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I am 68 (born 1951) and have not claimed any SS benefit…,

Q) I am 68 (born 1951) and have not claimed any SS benefit. My spouse is 69 (1950) and has not claimed a benefit. 1) Are we grandfathered into the old filing rules? 2) Specifically, can my spouse still “file and suspend” planning to claim his benefit at 70? 3) If my spouse can do that, can I receive a “spousal benefit,” even though he is not receiving a benefit? NOTE: I believe this was possible under the old rules, but not certain if this is still possible because we were both 62 prior to January 1 of 2016.
4) If my spouse can no longer “file and suspend” I plan to claim my own benefit under the “deeming” rule, which, I understand will automatically increase my benefit to one half of my spouse’s benefit (spousal benefit), assuming the spousal benefit is larger than my own, once he claims his benefit. Is this correct?
5) Finally, as I have been eligible for a benefit since turning 66 (either my own or the spousal benefit, depending on the answers to the above questions) can I receive 6 months of retroactive benefits in a lump sum?

According to the Social Security Administration – If you were born in 1960 your full retirement age is 67
Remember, the earliest a person can start receiving Social Security retirement benefits will remain age 62.

If you start receiving retirement benefits at:

age 62, you will get 70 percent of the monthly benefit because you will be getting benefits for an additional 60 months.
age 65, you will get 86.7 percent of the monthly benefit because you will be getting benefits for an additional 24 months.
If you start receiving benefits as a spouse at your full retirement age, you will get 50 percent of the monthly benefit your spouse would receive if their benefits started at full retirement age. If you start receiving benefits at:

age 62, you will get 32.5 percent of the monthly benefit instead of 50 percent because you will be getting benefits for an additional 60 months.
age 65, you will get 41.7 percent of the monthly benefit instead of 50 percent because you will be getting benefits for an additional 24 months.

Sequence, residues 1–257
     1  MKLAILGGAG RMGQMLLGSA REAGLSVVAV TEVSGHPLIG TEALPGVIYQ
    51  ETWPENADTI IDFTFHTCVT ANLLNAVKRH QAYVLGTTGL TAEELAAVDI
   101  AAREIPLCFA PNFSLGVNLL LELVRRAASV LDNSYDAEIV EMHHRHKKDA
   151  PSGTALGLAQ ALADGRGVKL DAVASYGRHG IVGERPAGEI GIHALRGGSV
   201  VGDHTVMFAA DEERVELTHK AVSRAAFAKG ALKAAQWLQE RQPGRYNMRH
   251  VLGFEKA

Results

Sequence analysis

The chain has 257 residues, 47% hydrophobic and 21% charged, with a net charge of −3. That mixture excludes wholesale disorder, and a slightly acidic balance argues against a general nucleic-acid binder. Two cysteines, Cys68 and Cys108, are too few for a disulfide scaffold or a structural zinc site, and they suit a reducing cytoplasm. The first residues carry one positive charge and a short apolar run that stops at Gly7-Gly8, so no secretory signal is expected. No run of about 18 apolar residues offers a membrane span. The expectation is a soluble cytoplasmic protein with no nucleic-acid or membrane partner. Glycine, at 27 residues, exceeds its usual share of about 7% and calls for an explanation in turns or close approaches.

How Your Social Security Benefit Is Reduced
If you start getting benefits at age* And you are the: Wage Earner, the Retirement Benefit you will receive is reduced to And you are the: Spouse, the Retirement Benefit you will receive is reduced to
62 70.0% 32.5%
62 + 1 month 70.4 32.7
62 + 2 months 70.8 32.9
62 + 3 months 71.3 33.1
62 + 4 months 71.7 33.3
62 + 5 months 72.1 33.5
62 + 6 months 72.5 33.8
62 + 7 months 72.9 34.0
62 + 8 months 73.3 34.2
62 + 9 months 73.8 34.4
62 + 10 months 74.2 34.6
62 + 11 months 74.6 34.8
63 75.0 35.0
63 + 1 month 75.4 35.2
63 + 2 months 75.8 35.4
63 + 3 months 76.3 35.6
63 + 4 months 76.7 35.8
63 + 5 months 77.1 36.0
63 + 6 months 77.5 36.3
63 + 7 months 77.9 36.5
63 + 8 months 78.3 36.7
63 + 9 months 78.8 36.9
63 + 10 months 79.2 37.1
63 + 11 months 79.6 37.3
64 80.0 37.5
64 + 1 month 80.6 37.8
64 + 2 months 81.1 38.2
64 + 3 months 81.7 38.5
64 + 4 months 82.2 38.9
64 + 5 months 82.8 39.2
64 + 6 months 83.3 39.6
64 + 7 months 83.9 39.9
64 + 8 months 84.4 40.3
64 + 9 months 85.0 40.6
64 + 10 months 85.6 41.0
64 + 11 months 86.1 41.3
65 86.7 41.7
65 + 1 month 87.2 42.0
65 + 2 months 87.8 42.4
65 + 3 months 88.3 42.7
65 + 4 months 88.9 43.1
65 + 5 months 89.4 43.4
65 + 6 months 90.0 43.8
65 + 7 months 90.6 44.1
65 + 8 months 91.1 44.4
65 + 9 months 91.7 44.8
65 + 10 months 92.2 45.1
65 + 11 months 92.8 45.5
66 93.3 45.8
66 + 1 month 93.9 46.2
66 + 2 months 94.4 46.5
66 + 3 months 95.0 46.9
66 + 4 months 95.6 47.2
66 + 5 months 96.1 47.6
66 + 6 months 96.7 47.9
66 + 7 months 97.2 48.3
66 + 8 months 97.8 48.6
66 + 9 months 98.3 49.0
66 + 10 months 98.9 49.3
66 + 11 months 99.4 49.7
67 100.0 50.0
*If your birthday is on the 1st of the month, we figure your benefit as if your birthday were in the previous month. https://www.ssa.gov/planners/retire/1960.html

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